Reunification Day

Hello everybody! I would post more even though I’m on vacation but it is not easy on the road. It is amazingly difficult to log on from Western Europe…more so from Germany than anywhere else so far. Internet cafes are a rarity here and few hotels have Wifi. If they do have Wifi, it is expensive. By expensive, I mean it costs over 22 euros (about $30 USD) for a 24 hour period. That’s right, $30 a day for an internet connection. So, no offense, I’m watching my connection time as I never have, not since the olden days when AOL charged by the hour. Remember that? Over 13 years ago? Well, that’s what it’s like in modern Germany. It’s rather shocking really. Even Colombia, a “third world” country is much more connected and much less expensively than a modern nation like Germany. Weird huh?

Speaking of Germany, today was Reunification Day, a very big holiday here being the 18th anniversary of the wall coming down. We went down to the Brandenburg gate with the rest of the city to celebrate. It was very strange for me. Some of you are so young, I don’t know if you can understand but it is still strange that there are not two Germanys anymore and not two Berlins (where we are now). Those of us who lived here during that time, could not have imagined life any other way. I lived in Germany from 1966-1977 (age 5 through 16). Of course many people dreamt of the wall coming down and being able to meet with their families again but it wasn’t something anyone really believed would happen. It was only a hope, something you dream of but in the manner of grey nebulous wishes you never bother to define with a hard edge because it will never happen. Sort of like planning a unicorn barbecue.

I enjoy Germany very much but Germans are not musicians (anymore); engineering is more their thing, not design. All of the music we heard at the RU party was from U.S. “artists”. Everywhere you go here, you hear music from the 70’s. I’m listening to the same music I did when I left thirty years ago. The tunes were in English of course. I didn’t see very many cool (german) clothes either. Germans are good at the execution and precision of cutting and producing but not at originating new creative or outlandish ideas as we think of them when it comes to fashion. We laughed a lot at some young men who tried to dress like urban hip hop people in the states. I remembered this because we were watching a german rapper on stage at the RU party. We agreed that if he or any of the young german “hip hop” males were magically transported to a rough patch in LA, we weren’t sure if the hip hoppers there could stop laughing long enough at their ensembles and accouterments to take offense and kick their butts.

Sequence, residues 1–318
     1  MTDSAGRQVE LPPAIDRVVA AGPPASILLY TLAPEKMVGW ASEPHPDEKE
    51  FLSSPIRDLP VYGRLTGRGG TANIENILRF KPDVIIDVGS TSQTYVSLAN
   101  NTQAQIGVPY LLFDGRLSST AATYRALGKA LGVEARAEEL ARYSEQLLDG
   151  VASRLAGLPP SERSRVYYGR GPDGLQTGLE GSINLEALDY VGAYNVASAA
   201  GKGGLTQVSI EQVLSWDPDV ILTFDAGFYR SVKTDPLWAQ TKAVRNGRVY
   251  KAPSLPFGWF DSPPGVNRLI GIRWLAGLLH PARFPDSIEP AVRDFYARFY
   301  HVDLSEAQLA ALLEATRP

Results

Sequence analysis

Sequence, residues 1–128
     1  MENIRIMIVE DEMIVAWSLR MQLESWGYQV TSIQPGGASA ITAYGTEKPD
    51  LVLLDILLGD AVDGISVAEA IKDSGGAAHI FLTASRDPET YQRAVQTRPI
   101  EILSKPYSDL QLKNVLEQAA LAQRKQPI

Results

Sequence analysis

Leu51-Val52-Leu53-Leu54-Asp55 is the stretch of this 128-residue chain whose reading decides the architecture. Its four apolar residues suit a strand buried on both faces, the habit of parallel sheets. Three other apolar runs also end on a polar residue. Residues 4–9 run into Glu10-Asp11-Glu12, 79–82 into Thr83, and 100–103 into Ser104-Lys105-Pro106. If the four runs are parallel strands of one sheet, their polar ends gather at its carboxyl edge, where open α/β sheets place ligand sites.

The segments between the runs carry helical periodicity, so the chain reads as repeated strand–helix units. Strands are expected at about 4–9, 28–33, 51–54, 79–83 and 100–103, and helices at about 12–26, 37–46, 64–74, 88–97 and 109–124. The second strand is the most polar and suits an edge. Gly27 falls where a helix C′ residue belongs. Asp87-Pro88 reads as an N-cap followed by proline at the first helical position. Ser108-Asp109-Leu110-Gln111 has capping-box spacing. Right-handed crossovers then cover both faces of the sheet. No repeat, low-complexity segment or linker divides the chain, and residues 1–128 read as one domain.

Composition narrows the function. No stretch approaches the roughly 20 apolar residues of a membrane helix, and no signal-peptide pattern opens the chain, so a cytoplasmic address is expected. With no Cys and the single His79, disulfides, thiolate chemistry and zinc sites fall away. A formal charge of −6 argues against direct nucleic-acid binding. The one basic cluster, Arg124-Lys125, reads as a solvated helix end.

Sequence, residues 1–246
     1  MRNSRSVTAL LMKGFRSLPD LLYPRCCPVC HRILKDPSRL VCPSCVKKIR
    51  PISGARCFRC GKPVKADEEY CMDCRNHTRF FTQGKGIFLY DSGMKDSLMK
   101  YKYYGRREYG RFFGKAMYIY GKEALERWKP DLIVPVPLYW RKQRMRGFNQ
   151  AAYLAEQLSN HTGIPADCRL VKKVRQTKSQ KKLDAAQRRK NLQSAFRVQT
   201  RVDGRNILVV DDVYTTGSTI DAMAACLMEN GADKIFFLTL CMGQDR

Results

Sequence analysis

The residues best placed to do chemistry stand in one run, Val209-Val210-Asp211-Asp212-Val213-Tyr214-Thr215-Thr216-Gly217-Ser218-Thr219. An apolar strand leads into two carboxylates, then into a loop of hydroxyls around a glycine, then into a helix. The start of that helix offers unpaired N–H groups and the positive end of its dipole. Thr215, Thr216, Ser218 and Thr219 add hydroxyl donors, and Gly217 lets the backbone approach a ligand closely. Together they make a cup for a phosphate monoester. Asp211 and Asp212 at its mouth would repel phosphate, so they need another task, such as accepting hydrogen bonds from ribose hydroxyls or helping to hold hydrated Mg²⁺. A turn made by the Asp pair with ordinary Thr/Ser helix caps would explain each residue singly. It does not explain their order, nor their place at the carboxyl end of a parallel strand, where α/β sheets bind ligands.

Just like in France, dogs are everywhere. You can’t always pet them though, the owners get upset; I think dogs are an extension of the owner’s person. Some owners didn’t mind tho. One intimidating tattooed and body pierced tough guy today enjoyed that I pet his dog. It was a whippet mix, he was cold poor thing. The dogs never seem to mind. I always tell the dogs that I’m giving out free pets today and let them smell my hand before I try to touch them and they all seem to warm up to that. While they like free pets, I think they’d like free kuchen or free sausage even better but I haven’t had any handy.